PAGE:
Fertile Ground, 2010.
Directed by Adam Gierasch.
Starring Gale Harold, Leisha Hailey and Chelcie Ross.
A couple that has recently experienced a miscarriage move into an isolated house with a dark history.
‘Fertile Ground’ sounds like it should be a romantic comedy, probably starring Jennifer Aniston as a clumsy, single gardener. From there you can go two ways: the Adam Sandler route where they join forces to win the local ‘hedge trimming championship’; or cast Channing Tatum as an expert, but unhappily engaged, gardener who teaches Aniston the wonders of nature. The film writes itself.
Or it could go in the ‘haunted house’ direction. Emily (Leisha Hailey) and Nate Weaver (Gale Harold) are a loving couple who experience a (very bloody) miscarriage in the film’s opening scene. It comes from nowhere, during a dinner party celebrating the pregnancy, and is effectively shocking. Afterwards, they both decide to move out of the city and into Nate’s “great-great-great-great…he was old” uncle’s house to help Emily recover. That’s the haunted one, by the way.
It’s a good, creepy house. The exterior is a cold white and the barren road stretches off emptily into both horizons. The rooms inside are large, the windows are rickety and it has a basement. But then why is the house itself never scary? Why must the film rely on ghostly apparitions jumping into shot for its frights? It isn’t the house’s fault.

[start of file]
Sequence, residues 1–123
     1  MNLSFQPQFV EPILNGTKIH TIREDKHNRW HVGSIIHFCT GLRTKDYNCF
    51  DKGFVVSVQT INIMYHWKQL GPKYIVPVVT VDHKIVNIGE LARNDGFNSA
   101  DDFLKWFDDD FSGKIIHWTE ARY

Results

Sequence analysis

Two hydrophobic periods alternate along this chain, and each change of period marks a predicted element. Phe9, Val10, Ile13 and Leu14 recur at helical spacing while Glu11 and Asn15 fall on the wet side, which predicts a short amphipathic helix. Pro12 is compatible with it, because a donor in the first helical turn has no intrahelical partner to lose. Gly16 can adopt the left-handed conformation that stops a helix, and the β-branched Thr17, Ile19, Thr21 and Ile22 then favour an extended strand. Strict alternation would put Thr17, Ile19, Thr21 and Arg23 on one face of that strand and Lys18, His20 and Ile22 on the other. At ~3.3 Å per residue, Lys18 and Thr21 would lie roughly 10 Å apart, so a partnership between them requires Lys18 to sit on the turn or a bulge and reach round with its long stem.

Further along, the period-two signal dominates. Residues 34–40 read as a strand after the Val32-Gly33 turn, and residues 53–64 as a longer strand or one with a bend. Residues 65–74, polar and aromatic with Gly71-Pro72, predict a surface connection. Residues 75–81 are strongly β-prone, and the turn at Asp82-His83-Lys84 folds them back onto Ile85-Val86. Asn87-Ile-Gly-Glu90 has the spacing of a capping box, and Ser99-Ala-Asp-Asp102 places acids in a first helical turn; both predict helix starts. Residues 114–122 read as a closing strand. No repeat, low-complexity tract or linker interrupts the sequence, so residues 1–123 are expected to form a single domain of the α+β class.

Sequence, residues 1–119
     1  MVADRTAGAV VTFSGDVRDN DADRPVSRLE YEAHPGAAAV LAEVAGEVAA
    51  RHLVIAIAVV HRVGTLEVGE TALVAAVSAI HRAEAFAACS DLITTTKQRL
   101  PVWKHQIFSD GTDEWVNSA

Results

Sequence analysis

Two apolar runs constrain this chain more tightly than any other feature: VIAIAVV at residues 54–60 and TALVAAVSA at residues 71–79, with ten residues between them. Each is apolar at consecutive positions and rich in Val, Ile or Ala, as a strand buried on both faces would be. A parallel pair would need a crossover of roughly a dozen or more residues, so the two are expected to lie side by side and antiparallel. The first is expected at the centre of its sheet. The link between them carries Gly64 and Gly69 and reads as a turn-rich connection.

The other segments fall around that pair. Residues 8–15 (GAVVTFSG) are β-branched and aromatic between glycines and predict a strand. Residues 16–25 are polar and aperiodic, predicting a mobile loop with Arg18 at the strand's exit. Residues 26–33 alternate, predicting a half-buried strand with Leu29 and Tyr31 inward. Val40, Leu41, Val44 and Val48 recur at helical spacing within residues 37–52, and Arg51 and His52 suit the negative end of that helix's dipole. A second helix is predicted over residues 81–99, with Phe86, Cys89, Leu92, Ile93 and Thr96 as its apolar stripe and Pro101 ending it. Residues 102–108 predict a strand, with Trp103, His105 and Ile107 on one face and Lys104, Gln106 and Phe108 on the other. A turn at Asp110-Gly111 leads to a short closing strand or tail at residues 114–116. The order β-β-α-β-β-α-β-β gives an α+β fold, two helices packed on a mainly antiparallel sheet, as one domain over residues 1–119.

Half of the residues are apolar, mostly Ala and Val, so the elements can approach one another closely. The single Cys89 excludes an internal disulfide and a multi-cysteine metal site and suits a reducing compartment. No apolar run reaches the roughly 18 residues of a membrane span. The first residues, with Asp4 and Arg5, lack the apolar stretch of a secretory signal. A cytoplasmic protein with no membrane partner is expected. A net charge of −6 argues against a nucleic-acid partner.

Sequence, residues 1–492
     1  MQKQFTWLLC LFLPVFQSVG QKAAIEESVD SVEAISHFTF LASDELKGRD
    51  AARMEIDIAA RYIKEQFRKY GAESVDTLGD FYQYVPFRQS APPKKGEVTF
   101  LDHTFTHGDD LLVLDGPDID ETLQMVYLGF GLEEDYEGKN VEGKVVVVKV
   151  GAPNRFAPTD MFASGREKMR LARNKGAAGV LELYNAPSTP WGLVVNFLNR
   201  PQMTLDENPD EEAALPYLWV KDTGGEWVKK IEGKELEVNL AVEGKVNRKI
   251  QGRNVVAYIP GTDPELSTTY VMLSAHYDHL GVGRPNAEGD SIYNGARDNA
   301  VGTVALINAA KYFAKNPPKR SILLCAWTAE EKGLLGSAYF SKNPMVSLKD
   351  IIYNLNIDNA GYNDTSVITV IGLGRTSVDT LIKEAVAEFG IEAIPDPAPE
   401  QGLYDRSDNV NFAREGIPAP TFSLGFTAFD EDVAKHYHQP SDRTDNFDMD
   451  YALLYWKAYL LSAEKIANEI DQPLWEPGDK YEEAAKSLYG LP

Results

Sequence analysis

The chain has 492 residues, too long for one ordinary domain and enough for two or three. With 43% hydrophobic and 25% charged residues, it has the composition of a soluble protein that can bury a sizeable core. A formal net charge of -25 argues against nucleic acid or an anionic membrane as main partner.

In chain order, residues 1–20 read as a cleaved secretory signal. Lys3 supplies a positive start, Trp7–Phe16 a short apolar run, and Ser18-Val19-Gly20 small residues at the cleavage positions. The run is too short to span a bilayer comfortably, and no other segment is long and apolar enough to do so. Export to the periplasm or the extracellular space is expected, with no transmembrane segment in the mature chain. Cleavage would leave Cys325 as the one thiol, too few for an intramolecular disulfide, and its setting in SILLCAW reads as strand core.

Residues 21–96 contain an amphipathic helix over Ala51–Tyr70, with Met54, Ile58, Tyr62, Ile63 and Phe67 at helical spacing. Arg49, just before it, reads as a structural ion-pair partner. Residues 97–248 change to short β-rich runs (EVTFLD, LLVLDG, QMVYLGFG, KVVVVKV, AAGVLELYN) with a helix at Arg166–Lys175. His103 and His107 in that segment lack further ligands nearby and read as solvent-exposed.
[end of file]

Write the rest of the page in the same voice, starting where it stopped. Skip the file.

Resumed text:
Over-exposure. Horror is most effective when it is unseen or unknowable, but here, at night, everything is visible in the moon’s cool blue half-light. Not only does it destroy the mystique, but it also draws unwanted attention to the background. The lighting’s focus should be on Emily’s terrified face, yet distracting objects litter the view behind her.
You have to be brave to embrace the darkness. It’s more expressionistic, and therefore not as safe. Unfortunately, Fertile Ground’s makers are adverse to such risks, and thus the film’s appearance looks more suited for daytime television.
The generic music and dissolve transitions between scenes only accentuate this impression. The film is also inexplicably, and uselessly, separated into sections by title-cards in the most annoying “scribbled-on-a-blackboard” font: “Starting Over”, “Moving In”, “New Life”, “Old Secrets”, “Strange Happening”, “The Gathering”, “Revelations” – at best these are insufferably cheesy, at worst they are patronising to the viewer.
[Back to the plot]
The two start to uncover dark “Old Secrets” about the house. They find a 150-year-old skull in the front garden (it was interfering with the plumbing) and a trip to the local historian reveals that many a (female) murder have occurred within their walls. It’s probably ok though, consoles the historian, the last death was in the 60s.
This starts to send Emily a bit barmy, tapping into her already fragile, post-miscarriage psyche. Nate, too, becomes angrier and obsessive. Their relationship deteriorates as Emily begins to see more and more strange occurrences; the door is oddly ajar, a bloodstained woman passes through the corridor, her nightmares intensify. All the usual things you’d expect of a haunted house film, and just as formulaic as the most boring within the sub-genre.
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